Historic Preservationist Awarded Scully Prize

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By Philip Kennicott
Washington Post Staff Writer
Tuesday, October 30, 2007

It was work on a book about the Civil War that led Richard Moe, then a lawyer, to take an active interest in historic preservation. Yesterday, the National Building Museum recognized Moe's preservation work by announcing he is this year's recipient of the Vincent J. Scully Prize, which recognizes extraordinary contributions to architecture and urban design.

As president of the National Trust for Historic Preservation, Moe serves as one of the nation's leading advocates for architectural preservation.

Moe will accept the prize, which recognizes "exemplary practice, scholarship, or criticism in architecture, historic preservation and urban design," at a ceremony on Dec. 13. Previous winners include the urbanist Jane Jacobs, the self-styled architecture critic Prince Charles, the Aga Khan (a philanthropist) and, last year, Witold Rybczynski, the author. Moe, the ninth winner of the prize named in honor of the renowned professor of art history at Yale University, will give a talk after accepting the award.

Moe says he will use the occasion to present new evidence about the positive environmental benefits of historic preservation.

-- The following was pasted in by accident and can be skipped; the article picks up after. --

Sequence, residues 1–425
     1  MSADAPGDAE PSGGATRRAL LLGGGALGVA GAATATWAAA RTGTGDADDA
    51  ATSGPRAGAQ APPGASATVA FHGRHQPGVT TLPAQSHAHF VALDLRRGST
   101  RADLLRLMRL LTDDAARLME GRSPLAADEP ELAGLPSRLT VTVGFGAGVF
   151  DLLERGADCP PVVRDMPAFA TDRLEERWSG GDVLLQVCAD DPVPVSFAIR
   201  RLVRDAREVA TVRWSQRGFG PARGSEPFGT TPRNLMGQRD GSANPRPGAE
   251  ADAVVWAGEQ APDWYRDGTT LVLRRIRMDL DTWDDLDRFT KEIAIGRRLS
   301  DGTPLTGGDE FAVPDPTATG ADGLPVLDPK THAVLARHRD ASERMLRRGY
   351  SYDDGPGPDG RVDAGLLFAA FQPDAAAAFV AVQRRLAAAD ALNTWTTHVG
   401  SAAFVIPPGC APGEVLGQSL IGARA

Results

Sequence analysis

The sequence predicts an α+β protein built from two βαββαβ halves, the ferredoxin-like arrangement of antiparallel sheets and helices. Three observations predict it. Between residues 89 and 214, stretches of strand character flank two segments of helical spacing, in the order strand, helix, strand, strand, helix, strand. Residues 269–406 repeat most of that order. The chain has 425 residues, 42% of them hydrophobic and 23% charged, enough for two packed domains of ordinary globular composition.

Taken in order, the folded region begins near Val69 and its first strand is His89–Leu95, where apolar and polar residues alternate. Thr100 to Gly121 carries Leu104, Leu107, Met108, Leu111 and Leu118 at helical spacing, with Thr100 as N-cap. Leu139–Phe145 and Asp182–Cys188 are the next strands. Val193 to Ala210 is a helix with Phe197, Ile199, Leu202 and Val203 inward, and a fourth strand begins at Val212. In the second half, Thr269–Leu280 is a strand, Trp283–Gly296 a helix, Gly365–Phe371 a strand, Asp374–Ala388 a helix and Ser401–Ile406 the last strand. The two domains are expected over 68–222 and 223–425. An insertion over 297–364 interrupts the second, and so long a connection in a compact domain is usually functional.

"We've always believed that preservation was an inherently sustainable activity," Moe said. "Now we have the data to show it."

Since becoming head of the Trust in 1993, Moe says that it has been increasingly involved with the broader, environmental issues raised by preservation. Sustainability has become a byword in urban design as more and more architects and activists have embraced the idea that buildings should use less power, contribute less to sewers and landfills, and integrate better into walkable, transit-oriented communities. Preserving existing buildings, or adapting them to new uses, has proved an important part of a larger, urban strategy of sustainability.

"We have the opportunity to make the case in a much more receptive environment, what with global warming and energy conservation," Moe said.

David M. Schwarz, chairman of the prize jury, said that this is the first time the Scully Prize has been awarded to someone actively involved in preservation. But that Moe's work easily falls within the scope of the things the prize was intended to honor.

"We've tried to recognize, with the prize, people who have made significant contributions to the built environment, people who have made our communities better places," says Schwarz, who is an architect based in Washington.

Before joining the Trust, Moe worked for Sen. Walter Mondale, and later served as Mondale's chief of staff when the fellow Minnesotan served as vice president. During his time at the Trust, Moe has been involved with efforts to prevent a Disney theme park from encroaching on Civil War battle sites, and an effort to preserve historic structures at the St. Elizabeths Hospital campus in Southeast Washington, where a massive Department of Homeland Security campus may lead to dozens of tear-downs. Other issues include educating the public about the historic importance of modern architecture, now old enough to merit preservationist attention, and slowing the pace of demolition in old, suburban neighborhoods as new landowners seek to build bigger homes on the site of more modest housing stock.


© 2007 The Washington Post Company

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